Saturday, November 3, 2012

Take the 2012 Los Angeles Urban County Housing and Community Development Survey!

Answer my questions, NIMBY.
Tucked inside the latest e-mail blast from the City of Sierra Madre is a survey from the Community Development Commission of the County of Los Angeles. And they have a couple of questions they want you to answer on the topics of housing and development. Those being, what exactly are your housing and development priorities for where you live? Inquiring bureaucrats need to know. After all, how else will they ever be able to claim that they have the support of persons such as yourself unless you answer their questions?

The pleasure of your response is most sincerely, and urgently, requested by them. Do not hesitate to share your opinions on these very important matters. The future of your County may depend on it!

Of course, the answers provided in this survey might not be the sorts of things that you would ordinarily choose for yourself. Maybe they are, I don't know. Mostly they appear to me to be slanted towards the sorts of things that they would prefer to see happen here. Such as low income and homeless housing smack dab in the middle of our downtown. They're sitting on a pot of your tax money and they do want to spend it, but they also want to make it seem that they are doing so with your blessing. And apparently there is little they won't stoop to in order to get it.

And how nice for them if they can also convince themselves that they're bettering the world at your expense? After all, they don't live here, so what could the possible consequences be for them? That certainly does seem to be the way things work in L.A. County.

As an example, here is the first question. "If you had funds to invest, how would you allocate your resources among these areas? Please express your answer in percentage terms. For example, 20 is equal to 20 percent. The sum should equal 100." Your choices are: Housing, Economic Development, Infrastructure, Public Facilities, Human Services, and Other.

Now none of those choices really break down what it is they are asking forr input on. Take housing for instance. Are they talking about Homeless Housing? Low Income Housing? McMansion Housing? Dog Housing? There really is a wide gamut of unspecified possibilities here, and do you really feel it is in your interest to give them an emotional blank check on what it is that you want for your city?

The answer I chose was Other. And in the space provided (Part 2 to Part 1 on Page 1) I spelled out what my wishes might be. That being the County should return all of the "funds to invest" to those they came from, the taxpayers. Because obviously these people have no idea what to do with them, why else would they be asking me? I certainly have some rather specific needs, and who better to spend my own money than myself?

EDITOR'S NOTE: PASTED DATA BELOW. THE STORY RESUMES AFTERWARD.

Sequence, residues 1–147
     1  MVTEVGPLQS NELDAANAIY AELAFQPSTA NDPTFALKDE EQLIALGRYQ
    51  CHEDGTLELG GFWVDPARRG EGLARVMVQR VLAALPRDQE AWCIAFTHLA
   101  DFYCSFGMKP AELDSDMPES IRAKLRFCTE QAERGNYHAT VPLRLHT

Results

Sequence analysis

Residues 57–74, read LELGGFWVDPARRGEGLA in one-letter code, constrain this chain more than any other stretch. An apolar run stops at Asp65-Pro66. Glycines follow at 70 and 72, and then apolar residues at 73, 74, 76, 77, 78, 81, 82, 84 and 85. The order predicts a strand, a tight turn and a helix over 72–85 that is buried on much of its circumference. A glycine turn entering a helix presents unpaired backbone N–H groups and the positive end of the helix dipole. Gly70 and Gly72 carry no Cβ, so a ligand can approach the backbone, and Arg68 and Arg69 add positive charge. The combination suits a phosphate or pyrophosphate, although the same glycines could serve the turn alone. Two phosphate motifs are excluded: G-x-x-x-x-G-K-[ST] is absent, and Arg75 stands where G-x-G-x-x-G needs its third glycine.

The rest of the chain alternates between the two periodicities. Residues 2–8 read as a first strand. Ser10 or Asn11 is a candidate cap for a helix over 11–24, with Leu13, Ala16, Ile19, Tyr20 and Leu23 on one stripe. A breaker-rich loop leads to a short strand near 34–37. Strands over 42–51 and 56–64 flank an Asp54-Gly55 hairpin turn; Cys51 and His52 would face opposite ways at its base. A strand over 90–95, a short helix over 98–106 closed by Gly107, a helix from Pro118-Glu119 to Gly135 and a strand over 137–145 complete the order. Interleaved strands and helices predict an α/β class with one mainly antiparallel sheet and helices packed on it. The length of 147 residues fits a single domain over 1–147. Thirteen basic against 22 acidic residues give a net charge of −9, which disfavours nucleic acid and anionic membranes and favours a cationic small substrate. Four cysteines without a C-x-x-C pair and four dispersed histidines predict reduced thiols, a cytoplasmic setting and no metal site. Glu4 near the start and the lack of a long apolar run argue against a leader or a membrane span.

The inquiry that I found to be the most enjoyable was contained on the page designated as #3. The question reading: "Below are barriers or constraints to the enhancement or provision of affordable housing. Please select the barriers or constraints that appear in Los Angeles County. Check all that apply."

The list of "all that apply" choices really is quite long, and a lot of them have to do with the realities of building houses. The cost of land is certainly an inconvenience, as are the costs of materials and labor. All are duly noted on the list. As are construction fees, permitting fees, and the "permitting process." I don't imagine they'd want you checking off those boxes down at City Hall. That is a cow of both the sacred and cash variety to them.

And also listed there is the name that most housing bureaucrats like to call those of us who attempt to stand in the way of their city wrecking. That being NIMBY. It does seem a bit ungrateful that they should be calling the taxpayers who help to fund their salaries and benefits such an unkind and pejorative name. But I suppose they do resent those who view them as being something other than the saviors of humanity. After all, just because they might want to drop a drug rehab facility right in the middle of a neighborhood where your children play doesn't mean you have a right to complain. You should show some gratitude to them for caring as deeply as they do.

Fortunately there is an "other" box, and they do invite you to specify. My answer was the "Community Development Commission of the County of Los Angeles." And no, I wasn't kidding. No, really.